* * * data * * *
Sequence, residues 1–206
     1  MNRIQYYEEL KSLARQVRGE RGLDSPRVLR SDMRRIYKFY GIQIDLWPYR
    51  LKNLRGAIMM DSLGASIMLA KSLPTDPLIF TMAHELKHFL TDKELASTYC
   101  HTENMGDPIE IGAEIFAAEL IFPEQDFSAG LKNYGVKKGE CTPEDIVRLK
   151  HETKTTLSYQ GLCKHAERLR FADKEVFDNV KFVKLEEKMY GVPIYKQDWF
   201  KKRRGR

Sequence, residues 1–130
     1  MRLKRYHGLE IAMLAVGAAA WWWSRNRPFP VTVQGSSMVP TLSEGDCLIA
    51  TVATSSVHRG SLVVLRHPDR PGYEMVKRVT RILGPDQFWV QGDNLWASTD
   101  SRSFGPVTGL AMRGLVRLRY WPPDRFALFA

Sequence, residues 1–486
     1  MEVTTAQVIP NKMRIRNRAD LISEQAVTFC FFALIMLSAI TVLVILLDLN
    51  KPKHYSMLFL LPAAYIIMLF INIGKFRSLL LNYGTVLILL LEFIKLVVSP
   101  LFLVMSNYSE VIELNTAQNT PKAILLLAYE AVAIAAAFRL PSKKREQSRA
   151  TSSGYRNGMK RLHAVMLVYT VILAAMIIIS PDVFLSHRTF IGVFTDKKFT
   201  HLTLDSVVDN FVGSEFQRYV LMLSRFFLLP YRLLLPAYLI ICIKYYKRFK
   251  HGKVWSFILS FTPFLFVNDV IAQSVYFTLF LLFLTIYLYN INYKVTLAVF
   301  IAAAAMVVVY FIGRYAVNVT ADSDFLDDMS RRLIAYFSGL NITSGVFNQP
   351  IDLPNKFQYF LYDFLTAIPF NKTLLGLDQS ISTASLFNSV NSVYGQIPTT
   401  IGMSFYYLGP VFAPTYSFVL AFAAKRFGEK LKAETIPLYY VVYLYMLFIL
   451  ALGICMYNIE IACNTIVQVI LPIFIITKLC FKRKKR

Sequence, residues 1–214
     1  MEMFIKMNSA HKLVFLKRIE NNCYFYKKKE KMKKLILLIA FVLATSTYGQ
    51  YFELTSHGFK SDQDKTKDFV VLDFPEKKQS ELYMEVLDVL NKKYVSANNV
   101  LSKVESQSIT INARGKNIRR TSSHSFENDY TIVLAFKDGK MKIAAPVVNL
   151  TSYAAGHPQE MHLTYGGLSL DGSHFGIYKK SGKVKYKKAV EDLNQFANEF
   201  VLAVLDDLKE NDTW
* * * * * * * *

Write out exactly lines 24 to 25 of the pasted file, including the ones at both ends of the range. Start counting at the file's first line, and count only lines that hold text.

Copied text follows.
    51  YFELTSHGFK SDQDKTKDFV VLDFPEKKQS ELYMEVLDVL NKKYVSANNV
   101  LSKVESQSIT INARGKNIRR TSSHSFENDY TIVLAFKDGK MKIAAPVVNL